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Should you be able to pronounce the names of product ingredients?

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Replies

  • Vikka_V
    Vikka_V Posts: 9,562 Member
    I like to be able to recognize what the ingredients are, I won't buy bread or crackers if I don't know what the heck is in them
  • glassyo
    glassyo Posts: 6,362 Member
    Vikka_V wrote: »
    I like to be able to recognize what the ingredients are, I won't buy bread or crackers if I don't know what the heck is in them

    Thank god for google then, huh? :)
  • Lolinloggen
    Lolinloggen Posts: 456 Member
    edited November 2018
    Does this mean that as
    thezenarya wrote: »
    Deviette wrote: »
    hippiesaur wrote: »
    I'm a biologist, so I know all this stuff. That means I can eat anything, right? ;):D

    As a chemist I will agree with you :wink:

    Another chemist chiming in! Go us for being able to eat anything, lol.
    Does this mean that (as a microbiologist by training) because I can pronounce Bacillus anthracis and Botulinum toxin I can eat it too?
    PS the latter (type A and B ) is being used in Botox Type H is the deadliest toxin in the world :o
  • singingflutelady
    singingflutelady Posts: 8,738 Member
    Does this mean that as
    thezenarya wrote: »
    Deviette wrote: »
    hippiesaur wrote: »
    I'm a biologist, so I know all this stuff. That means I can eat anything, right? ;):D

    As a chemist I will agree with you :wink:

    Another chemist chiming in! Go us for being able to eat anything, lol.
    Does this mean that (as a microbiologist by training) because I can pronounce Bacillus anthracis and Botulinum toxin I can eat it too?
    PS the latter (type A and B ) is being used in Botox Type H is the deadliest toxin in the world :o

    I have had it injdcted twice into my pyloric sphincter so I guess I kinda have eaten it.
  • GottaBurnEmAll
    GottaBurnEmAll Posts: 7,722 Member
    I can sound my way through ingredients on food labels (it's really not that hard), though I might accent the wrong syllable, I'm sure I come close enough.

    My tongue trips every time I try to say "real weird".

    I'm not sure what my point is other than the fact that being able to pronounce things doesn't prove anything, and that learning phonics when I was a kid was helpful.
  • Aaron_K123
    Aaron_K123 Posts: 7,121 Member
    I can sound my way through ingredients on food labels (it's really not that hard), though I might accent the wrong syllable, I'm sure I come close enough.

    My tongue trips every time I try to say "real weird".

    I'm not sure what my point is other than the fact that being able to pronounce things doesn't prove anything, and that learning phonics when I was a kid was helpful.

    Your tongue is just trying to save you from using an adjective (real) when you should be using an adverb (really).

    You should reward you tongue with something really delicious when that happens. :smile:

    Grammatically incorrect foods are the most dangerous.
  • Vikka_V
    Vikka_V Posts: 9,562 Member
    glassyo wrote: »
    Vikka_V wrote: »
    I like to be able to recognize what the ingredients are, I won't buy bread or crackers if I don't know what the heck is in them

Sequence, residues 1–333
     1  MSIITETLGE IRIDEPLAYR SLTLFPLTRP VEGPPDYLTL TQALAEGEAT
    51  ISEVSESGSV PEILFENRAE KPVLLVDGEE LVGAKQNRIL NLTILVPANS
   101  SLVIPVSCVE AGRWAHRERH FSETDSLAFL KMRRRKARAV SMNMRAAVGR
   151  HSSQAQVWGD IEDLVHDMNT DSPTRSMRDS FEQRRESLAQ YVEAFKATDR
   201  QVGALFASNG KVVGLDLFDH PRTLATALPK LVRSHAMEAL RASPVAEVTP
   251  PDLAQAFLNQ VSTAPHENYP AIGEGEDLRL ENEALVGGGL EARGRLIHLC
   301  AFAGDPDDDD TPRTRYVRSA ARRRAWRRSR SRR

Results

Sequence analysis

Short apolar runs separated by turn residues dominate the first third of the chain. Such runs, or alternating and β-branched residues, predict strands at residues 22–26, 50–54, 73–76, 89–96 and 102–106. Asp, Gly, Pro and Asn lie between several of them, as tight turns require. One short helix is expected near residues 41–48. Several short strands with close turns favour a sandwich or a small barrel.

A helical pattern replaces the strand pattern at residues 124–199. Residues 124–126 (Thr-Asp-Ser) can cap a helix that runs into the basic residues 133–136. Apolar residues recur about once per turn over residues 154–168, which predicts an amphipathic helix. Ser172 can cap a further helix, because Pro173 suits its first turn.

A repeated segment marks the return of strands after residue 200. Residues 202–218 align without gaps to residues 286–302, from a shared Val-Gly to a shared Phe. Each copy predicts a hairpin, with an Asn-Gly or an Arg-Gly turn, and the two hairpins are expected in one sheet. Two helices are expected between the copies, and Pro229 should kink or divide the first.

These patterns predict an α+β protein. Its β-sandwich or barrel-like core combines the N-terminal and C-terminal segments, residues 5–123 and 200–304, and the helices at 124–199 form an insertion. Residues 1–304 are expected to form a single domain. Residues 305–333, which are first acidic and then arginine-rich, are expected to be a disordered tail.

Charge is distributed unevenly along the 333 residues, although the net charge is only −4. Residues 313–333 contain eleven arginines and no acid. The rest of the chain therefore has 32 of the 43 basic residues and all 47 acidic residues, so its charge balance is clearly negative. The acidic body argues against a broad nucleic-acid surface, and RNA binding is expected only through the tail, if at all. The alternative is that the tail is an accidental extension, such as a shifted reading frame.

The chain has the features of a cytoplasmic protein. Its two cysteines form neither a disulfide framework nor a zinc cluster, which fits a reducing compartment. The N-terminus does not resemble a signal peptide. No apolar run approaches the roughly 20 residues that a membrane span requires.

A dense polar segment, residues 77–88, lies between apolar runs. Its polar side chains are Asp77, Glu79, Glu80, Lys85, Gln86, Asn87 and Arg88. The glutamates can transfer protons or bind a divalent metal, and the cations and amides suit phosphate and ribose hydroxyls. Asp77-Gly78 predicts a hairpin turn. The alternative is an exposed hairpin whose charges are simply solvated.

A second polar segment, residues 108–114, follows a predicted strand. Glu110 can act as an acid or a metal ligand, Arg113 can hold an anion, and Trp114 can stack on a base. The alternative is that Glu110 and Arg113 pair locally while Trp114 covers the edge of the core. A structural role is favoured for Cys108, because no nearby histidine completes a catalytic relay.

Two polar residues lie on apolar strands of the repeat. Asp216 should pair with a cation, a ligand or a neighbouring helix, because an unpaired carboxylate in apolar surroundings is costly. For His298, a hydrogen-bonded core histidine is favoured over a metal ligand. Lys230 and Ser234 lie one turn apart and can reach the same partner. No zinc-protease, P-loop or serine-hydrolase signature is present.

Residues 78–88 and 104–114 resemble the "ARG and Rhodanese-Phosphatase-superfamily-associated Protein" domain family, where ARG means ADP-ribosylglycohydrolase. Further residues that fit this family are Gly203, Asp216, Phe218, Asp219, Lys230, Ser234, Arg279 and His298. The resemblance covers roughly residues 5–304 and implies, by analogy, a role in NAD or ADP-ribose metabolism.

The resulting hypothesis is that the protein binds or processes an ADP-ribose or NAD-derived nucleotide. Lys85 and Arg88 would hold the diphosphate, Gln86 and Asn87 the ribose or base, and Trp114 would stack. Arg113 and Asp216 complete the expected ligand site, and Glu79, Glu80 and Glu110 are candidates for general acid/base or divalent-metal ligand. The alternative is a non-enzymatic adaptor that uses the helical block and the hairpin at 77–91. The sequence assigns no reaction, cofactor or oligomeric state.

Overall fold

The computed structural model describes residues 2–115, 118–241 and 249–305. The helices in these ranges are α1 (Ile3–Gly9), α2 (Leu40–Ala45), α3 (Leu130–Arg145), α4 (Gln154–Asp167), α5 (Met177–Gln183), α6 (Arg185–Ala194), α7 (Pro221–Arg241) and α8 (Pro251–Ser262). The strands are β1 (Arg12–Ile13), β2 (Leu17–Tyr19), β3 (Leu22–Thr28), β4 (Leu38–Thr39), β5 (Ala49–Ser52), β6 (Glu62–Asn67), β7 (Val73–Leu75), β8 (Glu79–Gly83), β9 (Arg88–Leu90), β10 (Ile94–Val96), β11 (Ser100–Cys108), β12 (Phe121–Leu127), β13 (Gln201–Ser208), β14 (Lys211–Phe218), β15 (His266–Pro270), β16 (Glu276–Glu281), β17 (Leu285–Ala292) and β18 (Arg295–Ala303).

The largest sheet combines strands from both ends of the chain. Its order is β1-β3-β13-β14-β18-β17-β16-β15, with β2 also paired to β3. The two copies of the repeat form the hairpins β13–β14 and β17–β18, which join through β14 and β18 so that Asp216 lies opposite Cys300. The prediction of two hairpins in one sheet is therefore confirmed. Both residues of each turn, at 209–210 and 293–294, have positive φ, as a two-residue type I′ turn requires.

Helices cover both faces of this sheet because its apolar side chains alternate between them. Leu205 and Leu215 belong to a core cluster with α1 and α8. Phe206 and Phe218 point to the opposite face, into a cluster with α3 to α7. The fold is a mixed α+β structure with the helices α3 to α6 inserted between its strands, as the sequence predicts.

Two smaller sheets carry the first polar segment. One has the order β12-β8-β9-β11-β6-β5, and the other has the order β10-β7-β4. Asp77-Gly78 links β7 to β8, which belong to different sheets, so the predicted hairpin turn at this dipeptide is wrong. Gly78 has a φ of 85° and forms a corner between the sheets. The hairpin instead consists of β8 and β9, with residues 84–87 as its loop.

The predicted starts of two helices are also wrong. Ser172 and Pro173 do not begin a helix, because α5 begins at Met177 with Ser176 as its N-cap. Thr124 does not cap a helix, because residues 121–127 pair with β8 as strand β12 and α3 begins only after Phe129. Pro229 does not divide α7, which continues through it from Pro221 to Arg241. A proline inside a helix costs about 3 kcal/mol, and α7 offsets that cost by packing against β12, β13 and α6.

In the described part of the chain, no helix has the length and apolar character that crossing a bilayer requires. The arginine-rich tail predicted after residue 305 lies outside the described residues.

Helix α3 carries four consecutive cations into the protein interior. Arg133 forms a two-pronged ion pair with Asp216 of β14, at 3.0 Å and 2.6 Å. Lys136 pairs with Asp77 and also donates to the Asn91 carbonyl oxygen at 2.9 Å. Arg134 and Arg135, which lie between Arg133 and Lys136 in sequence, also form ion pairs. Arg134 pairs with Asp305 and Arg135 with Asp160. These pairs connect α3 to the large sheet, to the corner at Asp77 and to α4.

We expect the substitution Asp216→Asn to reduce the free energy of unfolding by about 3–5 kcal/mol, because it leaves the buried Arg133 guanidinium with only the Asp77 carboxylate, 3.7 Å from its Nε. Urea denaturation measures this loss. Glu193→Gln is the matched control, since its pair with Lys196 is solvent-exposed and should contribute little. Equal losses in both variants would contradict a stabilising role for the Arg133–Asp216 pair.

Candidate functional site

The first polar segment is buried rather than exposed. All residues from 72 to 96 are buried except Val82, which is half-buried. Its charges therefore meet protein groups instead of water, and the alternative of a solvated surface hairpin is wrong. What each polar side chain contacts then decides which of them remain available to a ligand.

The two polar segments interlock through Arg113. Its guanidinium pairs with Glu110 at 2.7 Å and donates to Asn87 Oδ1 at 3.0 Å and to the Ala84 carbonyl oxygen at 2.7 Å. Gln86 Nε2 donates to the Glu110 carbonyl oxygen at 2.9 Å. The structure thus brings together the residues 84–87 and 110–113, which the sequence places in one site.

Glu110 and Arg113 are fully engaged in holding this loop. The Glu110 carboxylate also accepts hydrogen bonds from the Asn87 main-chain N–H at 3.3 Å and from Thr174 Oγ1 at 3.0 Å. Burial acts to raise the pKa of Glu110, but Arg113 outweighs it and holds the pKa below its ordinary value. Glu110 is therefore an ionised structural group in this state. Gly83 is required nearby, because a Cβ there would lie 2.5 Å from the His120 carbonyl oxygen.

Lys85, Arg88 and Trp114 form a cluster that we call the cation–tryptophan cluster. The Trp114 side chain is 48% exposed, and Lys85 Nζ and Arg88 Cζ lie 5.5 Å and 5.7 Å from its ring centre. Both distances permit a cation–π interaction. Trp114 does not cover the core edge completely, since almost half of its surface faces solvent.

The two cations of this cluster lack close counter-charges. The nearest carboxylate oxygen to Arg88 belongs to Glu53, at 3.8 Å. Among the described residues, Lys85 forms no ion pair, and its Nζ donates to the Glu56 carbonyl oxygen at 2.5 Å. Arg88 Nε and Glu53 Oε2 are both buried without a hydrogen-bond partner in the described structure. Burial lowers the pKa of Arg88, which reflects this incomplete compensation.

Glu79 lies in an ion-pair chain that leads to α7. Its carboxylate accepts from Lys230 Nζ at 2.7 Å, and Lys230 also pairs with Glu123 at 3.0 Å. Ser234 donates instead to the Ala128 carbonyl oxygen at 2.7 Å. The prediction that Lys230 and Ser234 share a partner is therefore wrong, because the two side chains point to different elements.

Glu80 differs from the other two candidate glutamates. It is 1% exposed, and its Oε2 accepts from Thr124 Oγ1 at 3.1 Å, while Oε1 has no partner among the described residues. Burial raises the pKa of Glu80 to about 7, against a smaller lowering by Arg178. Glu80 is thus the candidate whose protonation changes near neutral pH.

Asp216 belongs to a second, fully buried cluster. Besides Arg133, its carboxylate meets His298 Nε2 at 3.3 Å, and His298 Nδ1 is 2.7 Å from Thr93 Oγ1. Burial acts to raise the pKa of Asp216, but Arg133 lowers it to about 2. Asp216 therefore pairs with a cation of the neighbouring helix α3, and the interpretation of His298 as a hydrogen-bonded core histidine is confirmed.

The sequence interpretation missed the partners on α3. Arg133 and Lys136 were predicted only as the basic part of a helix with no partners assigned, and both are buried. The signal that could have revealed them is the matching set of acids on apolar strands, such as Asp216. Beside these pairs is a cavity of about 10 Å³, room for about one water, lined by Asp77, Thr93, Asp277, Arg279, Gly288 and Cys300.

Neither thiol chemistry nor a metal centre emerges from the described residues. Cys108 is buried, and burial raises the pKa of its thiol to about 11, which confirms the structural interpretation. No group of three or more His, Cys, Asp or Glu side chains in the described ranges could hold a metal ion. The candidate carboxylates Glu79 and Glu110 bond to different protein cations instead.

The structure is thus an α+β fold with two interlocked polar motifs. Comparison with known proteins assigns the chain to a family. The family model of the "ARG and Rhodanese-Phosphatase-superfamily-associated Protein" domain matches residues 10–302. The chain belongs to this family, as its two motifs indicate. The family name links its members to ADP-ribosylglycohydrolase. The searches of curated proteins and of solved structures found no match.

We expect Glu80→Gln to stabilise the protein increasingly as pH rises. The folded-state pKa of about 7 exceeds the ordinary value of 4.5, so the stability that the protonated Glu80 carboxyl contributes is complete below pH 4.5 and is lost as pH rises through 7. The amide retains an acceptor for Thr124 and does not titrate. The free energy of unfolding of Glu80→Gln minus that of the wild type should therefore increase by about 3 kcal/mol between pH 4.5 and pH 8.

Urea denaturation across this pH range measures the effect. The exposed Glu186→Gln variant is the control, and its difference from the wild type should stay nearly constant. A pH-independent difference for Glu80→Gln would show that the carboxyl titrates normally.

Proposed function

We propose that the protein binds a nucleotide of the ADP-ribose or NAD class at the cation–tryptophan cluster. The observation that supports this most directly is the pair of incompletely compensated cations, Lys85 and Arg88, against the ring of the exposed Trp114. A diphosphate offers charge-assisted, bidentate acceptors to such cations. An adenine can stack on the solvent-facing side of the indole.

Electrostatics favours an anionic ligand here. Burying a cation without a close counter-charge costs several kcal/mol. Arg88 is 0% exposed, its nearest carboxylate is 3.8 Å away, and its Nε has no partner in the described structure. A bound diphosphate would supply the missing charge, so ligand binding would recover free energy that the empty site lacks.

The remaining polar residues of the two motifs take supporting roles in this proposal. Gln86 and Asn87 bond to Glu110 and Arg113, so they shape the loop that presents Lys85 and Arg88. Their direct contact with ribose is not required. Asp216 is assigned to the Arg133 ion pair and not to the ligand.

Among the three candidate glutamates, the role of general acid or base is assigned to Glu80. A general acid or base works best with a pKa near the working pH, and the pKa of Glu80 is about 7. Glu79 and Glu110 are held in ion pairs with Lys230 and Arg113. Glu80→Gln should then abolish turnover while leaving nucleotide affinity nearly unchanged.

Thank god for google then, huh? :)

    Yeppers! I do Google that *kitten*...(sometimes)
  • lynn_glenmont
    lynn_glenmont Posts: 9,407 Member
    Sloth2016 wrote: »
    Confirmed.
    6rercnxgoci3.jpg

    This may be the only upside of having forgotten some of the finer points of the Cyrillic alphabet in the past 30+ years -- not being able to perfectly pronounce everything on that label is a great excuse not to eat can o' jawbones and teeth.
  • bojack5
    bojack5 Posts: 2,859 Member
    Bottom line is, what you put in your mouth is one of the few things you have complete control of. It would be irresponsible to not know what it is you are digesting. Regardless if you can pronounce it or not, if you dont recognize it, look it up.
  • VUA21
    VUA21 Posts: 2,073 Member
    lorrpb wrote: »
    Do you think that a criteria for a safe/healthy product (food, health, or medical) is that it contains ingredients you can pronounce? Isn't this more a reflection on the language skills of the consumer than the efficacy/safety of a product? (This could be scary since the average American tests out a 5th grade reading level.)
    Would you use a product that listed any of these ingredients?
    ergocalciferol
    cholecalciferol
    nicotinamide riboside
    dihydrogen monoxide

    On a related note, most people can't pronounce my last name. Does that mean that I'm dangerous?

    I absolutely would use products with those ingredients.... I was a Microbiology major/Chemistry minor 20 years ago. Side note: there are very few chemicals that I cannot pronounce, except for the molecule Aluminum (don't know why but can't say that word so I use the British pronounciation: aluminium). I also know one person that has never been able to pronounce CABERNET.
  • paperpudding
    paperpudding Posts: 7,554 Member
    Yes pronounciation seems such a silly criteria - pronouncing something and understanding what it is are 2 different things.

    Like I said before I could have a lisp and not be able to pronounce spinach - that doesn't mean I don't know what it is.

    IRL I often read out pathology results to patients - for the life of me I just cannot pronounce sebhorrheic keratosis. Have been dealing with such results for years and I know darn well what it is - but still can't pronounce it right.